Update from Thailand
This morning as I walked to the elevator, all disguised in my sunglasses and anti-particulate face mask, I exchanged pleasantries with a neighbor who sounded a bit like an Aussie. (We’ve got some diversity in this building, with Filipino, Thai, Korean, European expats, and even a Detroiter.)
He told me with some enthusiasm that he had just bought an air purifier for his apartment at the office supply store downstairs, and it only cost around 7,000 baht! That’s around $230 USD. Yikes, in my opinion. Nevertheless, the way things have been around here, I am about ready to do some research.
Currently my cell phone sports no fewer than three applications that report the air quality. They do not always agree with one another. One of them is far more optimistic than the other two. I leave it to you, my readers, to reason out how or why that might occur.
In truth, Bangkok frequently boasts better air than some of Thailand’s northern industrialized cities. But not lately. Could it be smoke from the epidemic of bush fires in Australia? Could it be the volcano currently erupting near Manila, in the Philippines? Could it be the usual suspect: construction dust in Bangkok?
In my youth, when buildings were no taller than four or five stories in this city, the breezes from the Gulf of Thailand made some difference in Bangkok. Now those breezes are seemingly blocked by the fifteenth-largest collection of skyscrapers in the world. Some world rankings list us as tenth, or even eighth, in the world. Of course, skyscrapers create their own breeze systems, sort of like cliffs and canyons. But it just isn’t as sweet as the old days.
Most Bangkokians also swear that the city was hugely greener in those days. So was the world. The little lane going straight out from the front of the church where I work, used to be called “Soi Ton-Son,” or “Evergreen Lane.” At any rate, this particular Evergreen Lane only has one puny evergreen tree these days. All the others are gone. One could argue that just about all trees in this country are evergreen, since Thailand has only three seasons, as Thai folk have told me hot, hotter, hottest. At this point in the year, we are in the least-hot season. It’s only 91˚ Fahrenheit this afternoon.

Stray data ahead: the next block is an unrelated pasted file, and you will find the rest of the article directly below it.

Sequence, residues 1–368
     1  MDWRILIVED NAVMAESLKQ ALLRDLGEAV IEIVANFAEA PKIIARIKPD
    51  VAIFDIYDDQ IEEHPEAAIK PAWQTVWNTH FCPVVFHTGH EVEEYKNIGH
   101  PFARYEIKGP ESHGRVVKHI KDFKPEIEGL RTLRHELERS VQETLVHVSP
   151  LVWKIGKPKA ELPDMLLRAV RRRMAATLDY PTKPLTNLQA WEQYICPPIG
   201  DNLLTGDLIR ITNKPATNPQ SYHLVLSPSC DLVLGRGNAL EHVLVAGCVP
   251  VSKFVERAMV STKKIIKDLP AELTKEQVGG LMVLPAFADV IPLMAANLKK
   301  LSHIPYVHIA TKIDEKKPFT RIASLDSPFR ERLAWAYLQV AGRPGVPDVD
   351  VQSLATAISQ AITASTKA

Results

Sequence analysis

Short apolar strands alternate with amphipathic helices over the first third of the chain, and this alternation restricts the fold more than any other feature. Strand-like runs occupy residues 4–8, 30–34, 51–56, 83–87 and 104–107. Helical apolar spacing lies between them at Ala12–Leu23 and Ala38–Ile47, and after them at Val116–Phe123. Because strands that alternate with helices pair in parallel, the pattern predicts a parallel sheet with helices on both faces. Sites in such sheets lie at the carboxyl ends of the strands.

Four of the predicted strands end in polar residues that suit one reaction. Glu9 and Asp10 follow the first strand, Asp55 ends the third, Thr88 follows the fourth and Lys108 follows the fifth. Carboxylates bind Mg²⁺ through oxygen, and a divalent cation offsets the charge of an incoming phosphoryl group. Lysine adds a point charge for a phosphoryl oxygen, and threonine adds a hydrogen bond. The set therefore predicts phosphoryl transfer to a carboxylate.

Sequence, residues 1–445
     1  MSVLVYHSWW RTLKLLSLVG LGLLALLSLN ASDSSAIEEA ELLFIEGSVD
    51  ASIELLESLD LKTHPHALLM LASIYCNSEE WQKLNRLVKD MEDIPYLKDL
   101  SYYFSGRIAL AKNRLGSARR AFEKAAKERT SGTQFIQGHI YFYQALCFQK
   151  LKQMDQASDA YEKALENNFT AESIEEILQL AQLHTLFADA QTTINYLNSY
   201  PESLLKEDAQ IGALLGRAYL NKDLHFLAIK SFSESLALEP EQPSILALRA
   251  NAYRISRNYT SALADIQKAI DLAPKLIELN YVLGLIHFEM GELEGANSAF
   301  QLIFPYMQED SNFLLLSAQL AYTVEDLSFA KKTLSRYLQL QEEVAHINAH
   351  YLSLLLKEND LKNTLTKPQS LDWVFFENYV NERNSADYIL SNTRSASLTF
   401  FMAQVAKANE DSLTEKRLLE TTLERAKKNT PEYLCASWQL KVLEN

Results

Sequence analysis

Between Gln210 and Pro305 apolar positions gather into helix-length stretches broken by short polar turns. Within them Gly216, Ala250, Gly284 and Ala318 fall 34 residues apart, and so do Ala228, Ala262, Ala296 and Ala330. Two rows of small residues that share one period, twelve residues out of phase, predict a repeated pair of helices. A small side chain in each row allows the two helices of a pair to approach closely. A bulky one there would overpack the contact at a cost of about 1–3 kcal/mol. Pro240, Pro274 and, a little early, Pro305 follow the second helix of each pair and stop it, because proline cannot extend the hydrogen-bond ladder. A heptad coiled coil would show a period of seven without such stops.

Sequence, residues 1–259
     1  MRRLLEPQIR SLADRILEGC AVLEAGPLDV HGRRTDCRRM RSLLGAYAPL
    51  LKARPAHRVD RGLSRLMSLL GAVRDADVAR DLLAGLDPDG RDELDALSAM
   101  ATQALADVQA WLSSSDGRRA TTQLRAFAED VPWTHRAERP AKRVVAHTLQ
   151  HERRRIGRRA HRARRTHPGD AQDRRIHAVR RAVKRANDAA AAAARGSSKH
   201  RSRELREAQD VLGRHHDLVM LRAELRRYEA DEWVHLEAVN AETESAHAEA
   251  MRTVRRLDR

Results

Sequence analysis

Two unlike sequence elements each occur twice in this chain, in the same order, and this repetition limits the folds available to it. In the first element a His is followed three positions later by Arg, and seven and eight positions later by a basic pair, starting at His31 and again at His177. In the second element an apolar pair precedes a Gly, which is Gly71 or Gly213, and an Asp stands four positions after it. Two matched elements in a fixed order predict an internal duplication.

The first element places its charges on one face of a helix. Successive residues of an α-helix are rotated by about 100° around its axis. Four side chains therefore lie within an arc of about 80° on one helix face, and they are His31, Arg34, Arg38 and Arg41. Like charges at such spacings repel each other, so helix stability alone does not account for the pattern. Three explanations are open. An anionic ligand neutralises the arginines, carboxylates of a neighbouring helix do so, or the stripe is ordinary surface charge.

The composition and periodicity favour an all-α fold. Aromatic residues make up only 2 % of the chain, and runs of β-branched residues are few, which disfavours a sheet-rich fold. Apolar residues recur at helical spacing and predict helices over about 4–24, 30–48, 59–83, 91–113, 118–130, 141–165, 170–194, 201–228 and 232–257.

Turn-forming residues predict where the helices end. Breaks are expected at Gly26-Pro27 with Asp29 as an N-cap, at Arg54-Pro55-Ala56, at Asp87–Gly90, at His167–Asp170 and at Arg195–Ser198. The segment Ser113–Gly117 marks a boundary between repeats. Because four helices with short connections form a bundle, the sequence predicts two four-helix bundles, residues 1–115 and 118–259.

Meanwhile, there is hopeful news regarding refugees in Thailand. For the first time in history, the Thai government has announced that some refugees will be granted a measure of legality within the next few months. That means those who have received actual refugee status from the UN High Commission for Refugees may be able to get legal jobs while they wait to be accepted by a third nation as future citizens. In my understanding, some countries of origin will still be excluded and asylum seekers who have not received refugee status will not benefit from the new law. So, some Christian refugees who participate in Wattana Church, where I serve, are elated and more hopeful. Some are more nervous than ever. My heart goes out especially to those whose stories of persecution and continuing threats from their home country are still not believed by the proper authorities.
In other news, Thailand is taking the new Coronavirus threat very seriously. I see instruction posters in many restrooms: wash your hands according to the 8-step method of the World Health Organization; cough only into a tissue, wear a mask to protect yourself and others; touch elevator buttons with a tissue; use hand sanitizer as often as you can. This past Sunday, my close friends and members of my Mission Support Committee—Karen and Chuck Fausch—visited the English-language worship services at Wattana Church, and they were met at the front door by an usher with hand sanitizer. It’s a new world.
In the midst of all of this, I find myself thinking often of the Apostle Paul and all he went through for the sake of telling others the Good News of Jesus Christ. He was arrested, beaten, snake-bit, ship-wrecked—oh, and hated by many—in addition to being in bad health (or whatever the “thorn” was in his side). He also offered encouragement, love, and prayer in his letters. Even when he had a word of warning or correction. How did he do it? He said it was by God’s grace. “The one who is calling you is faithful.” —1 Thessalonians 5:24a
Rev. Anne E. Gregory
Co-Pastor, English Language Ministries
Wattana Church, Bangkok, Thailand
Anne Gregory serves with the Church of Christ in Thailand. Her appointment is made possible by gifts to the Disciples Mission Fund, Our Church’s Wider Mission, WOC, and your special gifts.